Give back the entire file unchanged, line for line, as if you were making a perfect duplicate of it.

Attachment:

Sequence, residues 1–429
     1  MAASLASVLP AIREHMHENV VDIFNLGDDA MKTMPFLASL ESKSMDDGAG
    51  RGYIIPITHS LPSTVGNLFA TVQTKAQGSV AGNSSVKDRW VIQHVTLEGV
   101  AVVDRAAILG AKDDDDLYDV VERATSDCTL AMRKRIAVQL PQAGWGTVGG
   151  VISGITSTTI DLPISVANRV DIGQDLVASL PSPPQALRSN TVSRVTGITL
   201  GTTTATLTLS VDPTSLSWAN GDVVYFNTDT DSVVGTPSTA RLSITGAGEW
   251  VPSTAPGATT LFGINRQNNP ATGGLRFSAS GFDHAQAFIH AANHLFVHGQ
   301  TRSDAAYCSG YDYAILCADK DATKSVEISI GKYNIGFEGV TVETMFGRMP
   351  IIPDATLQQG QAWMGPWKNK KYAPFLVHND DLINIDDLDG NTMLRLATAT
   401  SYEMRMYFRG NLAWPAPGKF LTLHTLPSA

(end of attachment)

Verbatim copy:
Sequence, residues 1–429
     1  MAASLASVLP AIREHMHENV VDIFNLGDDA MKTMPFLASL ESKSMDDGAG
    51  RGYIIPITHS LPSTVGNLFA TVQTKAQGSV AGNSSVKDRW VIQHVTLEGV
   101  AVVDRAAILG AKDDDDLYDV VERATSDCTL AMRKRIAVQL PQAGWGTVGG
   151  VISGITSTTI DLPISVANRV DIGQDLVASL PSPPQALRSN TVSRVTGITL
   201  GTTTATLTLS VDPTSLSWAN GDVVYFNTDT DSVVGTPSTA RLSITGAGEW
   251  VPSTAPGATT LFGINRQNNP ATGGLRFSAS GFDHAQAFIH AANHLFVHGQ
   301  TRSDAAYCSG YDYAILCADK DATKSVEISI GKYNIGFEGV TVETMFGRMP
   351  IIPDATLQQG QAWMGPWKNK KYAPFLVHND DLINIDDLDG NTMLRLATAT
   401  SYEMRMYFRG NLAWPAPGKF LTLHTLPSA